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In order to validate our understanding of the world around us, we want to compare theoretical models to data we have actually observed. Often, these models are functions of parameters, and we want to know the values of those parameters such that the models most closely represent the world. For example, we may believe the concentration of one molecule in a chemical reaction should decrease exponentially with time. However, we also want to know the rate constant, the parameter in the model that multiplies time in the exponential, such that  the model exponential curve actually resembles a specific reaction that we observe. This is the problem of parameter inference, for which we often turn to Bayesian methods, especially when working with complex models and/or many parameters..

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Title:   Assurance for Sample Size Determination in Reliability Demonstration Testing Authors & Year:   Kevin Wilson & Malcolm Farrow (2021) Journal:   Technometrics [DOI: 10.1080/00401706.2020.1867646] Why Reliability Demonstration Testing? Ensuring high reliability is critical for hardware products, especially those involved in safety-critical functions such as railway systems and nuclear power reactors. To build trust, manufacturers use reliability demonstration tests (RDT) where a sample of products is tested and failures are observed. If the test meets specific criteria, it demonstrates the product’s reliability. The RDT design varies based on the type of hardware product being tested, whether it is failure on demand or time to failure. Traditionally, sample sizes for RDT have been determined using methods that consider the power of a hypothesis test or risk criteria. Various approaches, such as Bayesian methods and risk criteria evaluation, have been developed over the decades in order to enhance the effectiveness of RDT. These measures…

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The setting repeats depressingly often. A hurricane inching towards the Florida coast. Weather scientists glued to tracking monitors, hunched over simulation printouts, trying to remove people out of harm’s way. Urgent to them is the need to mark a patch of the shore where the hurricane is likely to hit. Those living in this patch need to be relocated. These scientists, and many before them – it’s hard to say since when – realized what’s at issue here is not quite so much the precise location the storm is going to hit – precise to the exact grain of sand, but a stretch of land (whose length may shrink gradually depending on how late we leave the forecasting) where it is going to affect people with a high chance.  A forecast interval of sorts.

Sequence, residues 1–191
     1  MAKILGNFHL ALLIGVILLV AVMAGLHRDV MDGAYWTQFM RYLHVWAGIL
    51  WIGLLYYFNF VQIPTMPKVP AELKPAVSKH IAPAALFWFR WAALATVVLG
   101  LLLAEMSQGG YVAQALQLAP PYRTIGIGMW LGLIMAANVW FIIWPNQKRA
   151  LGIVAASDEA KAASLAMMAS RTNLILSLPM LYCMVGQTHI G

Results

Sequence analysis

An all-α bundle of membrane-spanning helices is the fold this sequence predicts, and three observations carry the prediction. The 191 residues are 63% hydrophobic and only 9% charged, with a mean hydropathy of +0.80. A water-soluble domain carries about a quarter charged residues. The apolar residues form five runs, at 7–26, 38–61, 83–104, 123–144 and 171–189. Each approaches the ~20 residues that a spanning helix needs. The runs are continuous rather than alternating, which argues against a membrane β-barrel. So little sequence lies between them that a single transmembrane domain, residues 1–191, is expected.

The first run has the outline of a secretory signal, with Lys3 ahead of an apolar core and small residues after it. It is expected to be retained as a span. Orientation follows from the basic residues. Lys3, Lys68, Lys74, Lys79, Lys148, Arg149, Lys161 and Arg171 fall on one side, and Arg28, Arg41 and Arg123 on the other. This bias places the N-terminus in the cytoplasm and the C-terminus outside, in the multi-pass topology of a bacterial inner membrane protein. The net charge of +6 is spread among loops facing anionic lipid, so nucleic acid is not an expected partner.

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The meteorologists of today no longer ask themselves, “Will it rain tomorrow?”, but rather, “What is the probability it will rain tomorrow?”. In other words, weather forecasting has evolved beyond giving simple point projections, and instead has largely shifted to probabilistic predictions, where forecast uncertainty is quantified through quantiles or entire probability distributions. Probabilistic forecasting was also the subject of my previous blog post, where the article of discussion explored the intricacies of proper scoring rules, metrics that allow us to compare and rank these more complex distributional forecasts. In this blog post, we explore facets of an even more basic consideration: how can one be sure their probabilistic forecasts make sense and actually align with the data that ended up being observed? This ‘alignment’ between forecasted probabilities and observations is referred to as probabilistic calibration. Put more concretely, when a precipitation forecasting model gives an 80% chance of rain, one would expect to see rain in approximately 80% of those cases (if the model is calibrated).

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Machine learning models are excellent at discovering patterns in data to make predictions. However, their insights are limited to the input data itself. What if we could provide additional knowledge about the model features to improve learning? For example, suppose we have prior knowledge that certain features are more important than others in predicting the target variable. Researchers have developed a new method called the feature-weighted elastic net (“fwelnet”) that integrates this extra feature knowledge to train smarter models, resulting in more accurate predictions than regular techniques.